The hotel cat, Mwezi, appeared from nowhere when the fish arrived. Mwezi is a grey & black short-haired tabby. She was either discovered on or born under a full moon. In Swahili her name means “moon.” Nikki, the manager, told us that since they don’t really do pets in Tanzania, she hasn’t found a place that sells cat food. So Mwezi, and the 4-month old puppy they recently took in, eat people food and whatever prey they find. I overestimated how hungry I was and they served me a huge plate of food, so I snuck Mwezi some of my fish. Bribing cats with food is the fastest way to their ambivalent little hearts.
The power cut out shortly after I arrived, an occurrence I’d grown accustomed to in Tanzania. “Oh the power’s out? Must be Thursday. Or 7am. Or 2012.” A generator backed up the common areas (and they are installing solar panels for sustainable energy; get with it USA), but the guest rooms were not included, so they gave me a lantern to walk around with. A real deal lantern! I felt like it was 1790 (minus the enslavement, oppression and asphyxiating corsets).
My picturesque, beach-themed room held a large four-poster bed dusted in hibiscus flowers. This is why I work hard: to occasionally spoil myself with romantic rooms for one. Sexytime for me and me. The shower had cold and hot water and both were working. Thank you, Jesus! I didn’t have to shower like a teenage boy fighting the damage done by thoughts of Samantha in the tight turtleneck at school.
The resort is right along on the ocean and my room was only tens of feet away, so I could hear the waves crashing. I thought that ocean sounds were supposed to be soothing to sleep to? I found it disconcerting and really loud! I kept waking up thinking it was raining really hard or that monkeys were beating the thatched-roof with their tiny fists. But, there are worse things in the world than being awakened by the Indian Ocean.
The next morning, I met up with K___ and J___ for breakfast. Our options were eggs in various forms, including omelets, as well as French toast (with jam, no syrup), toast, fruit (mango, papaya, banana, orange) and tea or coffee.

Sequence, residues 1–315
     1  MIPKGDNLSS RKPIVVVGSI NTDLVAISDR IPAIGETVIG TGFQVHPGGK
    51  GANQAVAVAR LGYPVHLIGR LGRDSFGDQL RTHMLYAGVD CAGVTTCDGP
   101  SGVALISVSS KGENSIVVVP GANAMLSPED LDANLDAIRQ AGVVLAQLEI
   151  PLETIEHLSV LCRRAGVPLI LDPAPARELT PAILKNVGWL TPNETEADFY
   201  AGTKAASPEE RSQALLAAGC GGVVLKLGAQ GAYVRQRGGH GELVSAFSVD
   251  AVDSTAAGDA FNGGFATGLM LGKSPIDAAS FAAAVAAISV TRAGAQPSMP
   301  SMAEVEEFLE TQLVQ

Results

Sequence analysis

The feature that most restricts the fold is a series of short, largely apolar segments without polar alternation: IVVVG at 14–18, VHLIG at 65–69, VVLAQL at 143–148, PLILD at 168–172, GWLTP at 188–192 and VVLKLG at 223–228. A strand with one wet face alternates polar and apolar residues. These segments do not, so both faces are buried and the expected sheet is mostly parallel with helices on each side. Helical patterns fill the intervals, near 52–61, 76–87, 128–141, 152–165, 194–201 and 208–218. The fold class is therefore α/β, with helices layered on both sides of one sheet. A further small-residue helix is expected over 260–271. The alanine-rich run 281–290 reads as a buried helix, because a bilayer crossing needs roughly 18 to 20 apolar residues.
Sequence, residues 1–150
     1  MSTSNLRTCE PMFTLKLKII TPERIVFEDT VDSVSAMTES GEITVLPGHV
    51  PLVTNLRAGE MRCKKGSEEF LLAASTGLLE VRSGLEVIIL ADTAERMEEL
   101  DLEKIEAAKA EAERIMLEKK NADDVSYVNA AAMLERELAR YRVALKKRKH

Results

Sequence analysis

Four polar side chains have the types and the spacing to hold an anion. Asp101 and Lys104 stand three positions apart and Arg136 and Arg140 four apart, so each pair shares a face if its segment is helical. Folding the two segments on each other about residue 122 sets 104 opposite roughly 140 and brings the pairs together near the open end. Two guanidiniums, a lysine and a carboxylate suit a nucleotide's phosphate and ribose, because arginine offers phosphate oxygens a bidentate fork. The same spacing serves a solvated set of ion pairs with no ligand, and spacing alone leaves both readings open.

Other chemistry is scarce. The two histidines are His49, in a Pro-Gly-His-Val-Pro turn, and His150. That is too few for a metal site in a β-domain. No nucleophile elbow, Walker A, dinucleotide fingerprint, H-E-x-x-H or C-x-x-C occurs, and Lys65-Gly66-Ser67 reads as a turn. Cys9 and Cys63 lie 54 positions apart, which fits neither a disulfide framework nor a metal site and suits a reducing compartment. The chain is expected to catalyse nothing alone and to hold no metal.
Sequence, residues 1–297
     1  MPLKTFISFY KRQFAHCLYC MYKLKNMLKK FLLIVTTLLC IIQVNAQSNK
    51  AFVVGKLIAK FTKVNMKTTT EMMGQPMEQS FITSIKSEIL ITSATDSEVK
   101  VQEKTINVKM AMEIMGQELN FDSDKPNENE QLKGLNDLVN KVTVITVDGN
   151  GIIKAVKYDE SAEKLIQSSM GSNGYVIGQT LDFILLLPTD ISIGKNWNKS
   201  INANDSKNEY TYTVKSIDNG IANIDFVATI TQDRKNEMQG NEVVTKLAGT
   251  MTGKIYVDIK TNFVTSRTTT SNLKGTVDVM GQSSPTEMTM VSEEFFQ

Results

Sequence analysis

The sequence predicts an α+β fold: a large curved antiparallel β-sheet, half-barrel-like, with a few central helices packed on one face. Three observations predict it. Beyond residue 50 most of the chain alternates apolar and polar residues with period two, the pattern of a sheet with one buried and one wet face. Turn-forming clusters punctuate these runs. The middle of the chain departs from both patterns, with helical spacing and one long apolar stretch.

After breakfast, J___ and I strolled along the beach to check out some of the other resorts. He told me how different he felt the tourists were in Zanzibar compared Moshi or Arusha. It seemed to him that most of the tourists were monied Europeans who weren’t very friendly. So far, in my travels and residencies, I’ve yet to find people as effusively friendly as Southerners in the US. Whenever I go back to Texas to visit the fam, I am practically accosted by strangers trying to have conversations with me. Although, I must say that once you know a Tanzanian, they seem to welcome you as a member of their family. It makes for a wonderful sense of community.
I couldn’t help but notice that the majority of tourists I saw did not look like us. Rarely did I see a brown face. This is not where most locals can afford to vacation.
We discovered a large resort where J___ told me the rooms cost $3000 per night. I asked, “Do they come to your room, massage you, fluff you and hand feed you your food for that much?” Do they have State Farm powers? Could they conjure up Channing Tatum for me if I switch my car insurance? Good lord. I thought our resort (a “moderately” priced choice) was awesome; what more could there be? When we reached the resort, my eyes widened at the sight of a large Infinity pool. I’m not gonna lie, I don’t want to spend the money, but I wouldn’t mind staying there. Let me be a baller for a second. I read enough Us Weekly to know how to do it right.
In a crowd of people lounging on chairs, posing in and by the pool or strolling about, we were the only brown faces with exception of the staff. There were three attendants by the pool and one approached us curiously, as though we were lost. I know that look. It’s that, “You don’t look like you have the money to be here, homie,” look. We told him that we just wanted to look at the pool and see the hotel. He escorted us down a wooden bridge away from the hotel, to the restaurant and bar. We tried to get rid of him thanked him and he retreated to his station. The whole thing made me uncomfortable. It saddens me that in a country as beautiful and as rich in natural resources as Tanzania, the residents themselves don’t seem to get to enjoy it the way tourists do. It’s a luxury for many to even consider a vacation.